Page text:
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Assertiveness Quiz
From The Ashes:
A Brain Injury Survivor's Guide


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          Assertiveness is a way of thinking and behaving that allows a person to stand up for his or her rights while respecting the rights of others. Nonassertive people may be passive or aggressive. Passive individuals are not committed to their own rights and are more likely to allow others to infringe on their rights than to stand up and speak out. On the other hand, aggressive persons are very likely to defend their own rights and work to achieve their own goals but are also likely to disregard the rights of others. Additionally, aggressive individuals insist that their feelings and needs take precedence over other people's. They also tend to blame others for problems instead of offering solutions. 

     Assertive attitudes and behaviors are at the heart of effective advocacy. A person with an assertive attitude recognizes that each individual has rights. These rights include not only legal rights but also rights to individuality, to have and express personal preferences, feelings and opinions. The assertive individual not only believes in his or her rights but is committed to preserving those rights. An assertive attitude is important in recognizing that rights are being violated. The passive person is so concerned with being liked and accepted that he or she may never recognize the need to advocate. The assertive person clearly expresses his or her rights or needs. They tend to face problems promptly and they focus on solutions rather than problems.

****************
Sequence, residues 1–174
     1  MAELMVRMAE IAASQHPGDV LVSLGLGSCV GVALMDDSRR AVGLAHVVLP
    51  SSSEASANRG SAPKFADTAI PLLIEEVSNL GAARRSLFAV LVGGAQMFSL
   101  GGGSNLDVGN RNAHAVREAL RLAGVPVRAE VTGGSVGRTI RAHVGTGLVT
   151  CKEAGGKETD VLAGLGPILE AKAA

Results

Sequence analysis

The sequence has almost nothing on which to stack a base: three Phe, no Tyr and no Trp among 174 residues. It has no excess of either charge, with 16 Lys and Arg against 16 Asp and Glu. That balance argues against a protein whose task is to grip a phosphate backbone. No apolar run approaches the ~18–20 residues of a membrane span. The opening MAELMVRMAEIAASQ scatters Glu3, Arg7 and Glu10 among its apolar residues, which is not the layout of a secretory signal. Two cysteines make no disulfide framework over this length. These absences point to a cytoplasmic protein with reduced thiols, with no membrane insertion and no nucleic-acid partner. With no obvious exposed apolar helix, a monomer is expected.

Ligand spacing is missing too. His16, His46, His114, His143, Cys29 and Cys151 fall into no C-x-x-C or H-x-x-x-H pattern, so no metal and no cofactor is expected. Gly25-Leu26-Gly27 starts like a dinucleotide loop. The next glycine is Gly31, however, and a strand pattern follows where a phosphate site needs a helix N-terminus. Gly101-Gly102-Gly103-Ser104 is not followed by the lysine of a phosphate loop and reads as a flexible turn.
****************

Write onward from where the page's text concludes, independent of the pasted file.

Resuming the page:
The assertive person's behaviors are designed to promote communication and problem solving. This person uses a variety of behaviors depending on the situation. In general, the assertive person appears energetic yet relaxed. The Assertiveness Quiz,  is a short quiz designed to help you gain an idea of how assertive you are at this time. 

Adapted with permission  from: "Don't Get Mad Get Powerful, A Manual for building Advocacy Skills," MI P&A, 1986

Assertiveness Quiz
1. Do you buy things you do not want because you are afraid to say no to the salesperson?  Yes No
2. When you do not understand the meaning of a word, do you ask about it?  Yes No
3. Do you feel responsible when things go wrong, even if it is not your fault?  Yes No 
4. Do you look directly at others when you talk to them?  Yes No
5. Do people often ask you to speak more loudly in order to be heard? Yes No
6. Do you feel intimidated by people in authority? Yes No
7. Do you generally have good posture? Yes No
8 Do you often feel so angry you could scream? Yes No
9. Do you know how to ask for help without feeling dependent? Yes No
10. If someone cuts in front of you in a line, do you usually tell them off? Yes No

Assertive Responses
1. No 6. No
2. Yes 7. Yes
3. No 8. No
4. Yes 9. Yes
5. No 10. No

Explanation of answers to the Assertiveness Quiz
1. The assertive person is not afraid to say no. She or he feels free to make choices.
2. The assertive person takes responsibility for getting his or her needs met. Fear of seeming ignorant does not prevent the assertive person from asking questions. 
3. The assertive person takes responsibility for his or her own behavior but does not take responsibility for the behavior of others or for situations which are beyond his or her control. To feel responsible for things beyond your control leads to unnecessary feelings of guilt. 
4. Direct eye contact is assertive and suggests sincerity, self-confidence and the expectation that others will listen. 
5. An assertive person wants to be heard. 
6. An assertive person does not allow status to intimidate him or her.
7. Good posture communicates a positive self-image. When posture is limited by a disability, good eye contact and facial expression can be used to express a positive self-image. 
8. The assertive person works to get his or her needs met and does not let situations build to the point of crisis. 
9. The assertive person is able to ask for help without feeling dependent because he or she maintains a strong sense of self worth and self-respect. 
10. Telling someone off is an angry, aggressive response The assertive person would state that he or she is irritated by the unfairness and ask the person to move to the end of the line. 
Click here to go to the Assertiveness Skills Builder  page


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